There’s a lot of buzz right now about coconut oil being good for your brain. The primary argument is that coconut oil is rich in medium-chain triglycerides, or MCTs, which are metabolized a little differently than most types of fat. The MCTs in coconut oil break down into ketones, which can be used by brain cells for fuel. The idea is that supplying the brain with some extra fuel might make it run better.
Under normal circumstances, brain cells use glucose for energy. But because your brain is so important to your survival, there’s a back-up plan. If you run out of glucose, your body starts to convert stored fats into ketones, which are transported to the brain. It’s a little like having a back-up generator for your house. If you lose power during a storm, the back-up generator will kick in to keep the lights on.
Although it’s certainly better than being in the dark, most back-up generators are designed to be used only in emergencies until regular power is restored. Similarly, although they will gladly use ketones when no other energy source is available, healthy brain cells will preferentially burn glucose if it’s available.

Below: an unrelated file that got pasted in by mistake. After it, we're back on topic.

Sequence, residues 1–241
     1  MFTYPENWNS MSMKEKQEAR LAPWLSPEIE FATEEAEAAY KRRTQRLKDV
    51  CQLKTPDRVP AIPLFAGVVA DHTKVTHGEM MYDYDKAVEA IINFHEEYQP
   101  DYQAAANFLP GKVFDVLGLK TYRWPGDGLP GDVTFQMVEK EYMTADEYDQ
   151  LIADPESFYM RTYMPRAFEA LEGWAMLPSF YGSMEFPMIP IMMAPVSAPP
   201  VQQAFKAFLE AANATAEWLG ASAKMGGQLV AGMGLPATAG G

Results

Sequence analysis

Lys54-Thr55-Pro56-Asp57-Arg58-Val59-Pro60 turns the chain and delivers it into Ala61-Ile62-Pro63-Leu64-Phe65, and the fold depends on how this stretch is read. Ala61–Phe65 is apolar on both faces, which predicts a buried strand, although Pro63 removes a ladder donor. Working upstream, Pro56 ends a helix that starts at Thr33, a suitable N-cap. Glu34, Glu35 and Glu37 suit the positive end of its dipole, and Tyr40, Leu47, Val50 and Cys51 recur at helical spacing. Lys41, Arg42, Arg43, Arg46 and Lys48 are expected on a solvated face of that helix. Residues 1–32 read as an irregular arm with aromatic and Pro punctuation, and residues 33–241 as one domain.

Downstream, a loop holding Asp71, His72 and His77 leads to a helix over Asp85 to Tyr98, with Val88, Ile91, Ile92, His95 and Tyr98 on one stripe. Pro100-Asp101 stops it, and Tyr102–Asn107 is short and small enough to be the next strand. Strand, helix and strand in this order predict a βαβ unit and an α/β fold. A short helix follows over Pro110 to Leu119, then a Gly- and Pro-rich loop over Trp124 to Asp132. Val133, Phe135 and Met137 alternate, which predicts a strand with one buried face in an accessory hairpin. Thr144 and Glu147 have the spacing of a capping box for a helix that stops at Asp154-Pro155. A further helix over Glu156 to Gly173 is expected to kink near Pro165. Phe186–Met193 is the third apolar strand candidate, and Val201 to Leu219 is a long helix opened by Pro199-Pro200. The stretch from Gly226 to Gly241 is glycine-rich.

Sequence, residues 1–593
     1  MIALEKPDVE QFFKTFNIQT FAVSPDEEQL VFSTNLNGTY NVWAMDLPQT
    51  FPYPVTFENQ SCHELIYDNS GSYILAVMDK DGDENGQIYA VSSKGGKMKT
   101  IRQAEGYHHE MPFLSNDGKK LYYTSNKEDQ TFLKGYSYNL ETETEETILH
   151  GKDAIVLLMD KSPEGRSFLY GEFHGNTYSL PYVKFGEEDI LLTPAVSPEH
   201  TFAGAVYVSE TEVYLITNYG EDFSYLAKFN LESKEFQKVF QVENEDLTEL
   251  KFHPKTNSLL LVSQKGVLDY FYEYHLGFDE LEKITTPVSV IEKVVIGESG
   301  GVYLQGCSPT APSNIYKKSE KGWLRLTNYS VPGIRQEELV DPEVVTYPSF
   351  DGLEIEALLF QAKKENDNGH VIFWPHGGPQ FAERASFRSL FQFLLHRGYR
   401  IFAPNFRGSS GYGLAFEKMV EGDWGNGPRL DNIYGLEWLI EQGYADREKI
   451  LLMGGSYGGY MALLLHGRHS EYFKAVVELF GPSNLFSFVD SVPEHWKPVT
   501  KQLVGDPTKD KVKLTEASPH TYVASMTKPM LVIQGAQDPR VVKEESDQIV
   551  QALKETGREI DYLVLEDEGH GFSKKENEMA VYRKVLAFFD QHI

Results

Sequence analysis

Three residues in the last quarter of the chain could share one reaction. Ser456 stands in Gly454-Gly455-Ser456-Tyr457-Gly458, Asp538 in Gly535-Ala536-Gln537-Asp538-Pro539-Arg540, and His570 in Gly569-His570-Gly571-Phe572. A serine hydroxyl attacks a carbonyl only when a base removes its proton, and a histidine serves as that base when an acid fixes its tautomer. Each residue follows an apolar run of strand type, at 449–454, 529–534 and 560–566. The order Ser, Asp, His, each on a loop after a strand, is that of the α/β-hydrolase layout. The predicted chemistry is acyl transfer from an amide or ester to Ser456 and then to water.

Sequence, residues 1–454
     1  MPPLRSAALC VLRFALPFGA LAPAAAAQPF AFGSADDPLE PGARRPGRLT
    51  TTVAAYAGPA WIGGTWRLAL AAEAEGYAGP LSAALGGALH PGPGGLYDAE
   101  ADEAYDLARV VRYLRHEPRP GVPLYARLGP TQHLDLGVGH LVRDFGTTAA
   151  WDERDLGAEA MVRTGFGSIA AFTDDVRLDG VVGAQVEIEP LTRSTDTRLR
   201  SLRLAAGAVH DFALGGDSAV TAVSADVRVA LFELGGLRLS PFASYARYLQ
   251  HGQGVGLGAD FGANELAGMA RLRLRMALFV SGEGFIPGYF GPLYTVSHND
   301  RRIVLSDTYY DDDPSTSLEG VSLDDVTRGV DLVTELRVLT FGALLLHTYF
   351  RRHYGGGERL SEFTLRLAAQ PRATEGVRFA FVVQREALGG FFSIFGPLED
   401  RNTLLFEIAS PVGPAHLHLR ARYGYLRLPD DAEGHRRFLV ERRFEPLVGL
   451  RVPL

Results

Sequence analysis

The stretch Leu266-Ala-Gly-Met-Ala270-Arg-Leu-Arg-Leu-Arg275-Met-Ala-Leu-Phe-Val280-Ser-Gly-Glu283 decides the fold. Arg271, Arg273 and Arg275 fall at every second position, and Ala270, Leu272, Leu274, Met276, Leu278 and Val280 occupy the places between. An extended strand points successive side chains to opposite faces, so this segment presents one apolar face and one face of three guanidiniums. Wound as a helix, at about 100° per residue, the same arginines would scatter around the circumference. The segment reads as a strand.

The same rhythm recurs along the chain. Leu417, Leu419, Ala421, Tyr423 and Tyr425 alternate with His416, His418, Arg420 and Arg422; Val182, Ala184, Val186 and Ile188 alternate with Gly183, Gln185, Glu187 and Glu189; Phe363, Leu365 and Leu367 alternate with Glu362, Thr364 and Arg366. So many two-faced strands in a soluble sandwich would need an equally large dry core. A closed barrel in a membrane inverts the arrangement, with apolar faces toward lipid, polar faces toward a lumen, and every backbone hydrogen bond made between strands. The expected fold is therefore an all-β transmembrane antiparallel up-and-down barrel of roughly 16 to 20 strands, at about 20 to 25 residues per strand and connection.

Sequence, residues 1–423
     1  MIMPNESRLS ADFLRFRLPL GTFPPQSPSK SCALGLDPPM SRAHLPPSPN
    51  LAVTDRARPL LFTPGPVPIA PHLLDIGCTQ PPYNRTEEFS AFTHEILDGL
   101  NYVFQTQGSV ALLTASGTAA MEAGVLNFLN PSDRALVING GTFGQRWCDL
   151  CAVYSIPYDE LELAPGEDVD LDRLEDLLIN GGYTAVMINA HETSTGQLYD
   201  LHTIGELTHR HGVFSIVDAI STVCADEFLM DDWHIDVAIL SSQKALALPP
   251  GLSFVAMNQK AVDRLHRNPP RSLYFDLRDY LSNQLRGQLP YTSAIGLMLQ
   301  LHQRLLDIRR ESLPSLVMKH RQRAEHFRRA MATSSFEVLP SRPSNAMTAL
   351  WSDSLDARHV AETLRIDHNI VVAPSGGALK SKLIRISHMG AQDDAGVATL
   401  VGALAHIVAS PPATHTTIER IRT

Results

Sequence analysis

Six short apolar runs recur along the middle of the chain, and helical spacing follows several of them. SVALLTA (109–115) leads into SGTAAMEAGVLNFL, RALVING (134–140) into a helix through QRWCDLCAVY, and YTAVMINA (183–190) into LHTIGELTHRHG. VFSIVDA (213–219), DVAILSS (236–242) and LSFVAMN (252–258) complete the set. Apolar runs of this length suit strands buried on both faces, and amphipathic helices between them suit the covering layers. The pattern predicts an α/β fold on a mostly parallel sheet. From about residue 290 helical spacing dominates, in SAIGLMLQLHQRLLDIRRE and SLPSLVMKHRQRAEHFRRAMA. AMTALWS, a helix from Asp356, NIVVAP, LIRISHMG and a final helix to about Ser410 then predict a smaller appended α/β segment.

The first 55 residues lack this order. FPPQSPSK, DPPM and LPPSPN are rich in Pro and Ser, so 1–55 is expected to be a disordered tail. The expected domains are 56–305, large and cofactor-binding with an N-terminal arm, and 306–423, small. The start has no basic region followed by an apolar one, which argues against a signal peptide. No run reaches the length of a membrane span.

So the fact that coconut oil supplies ketones doesn’t necessarily mean that the brain will use them for fuel. And perhaps that’s why I can’t find any studies showing that simply adding coconut oil to the diet leads to improvement in cognitive function in people with normal brain function.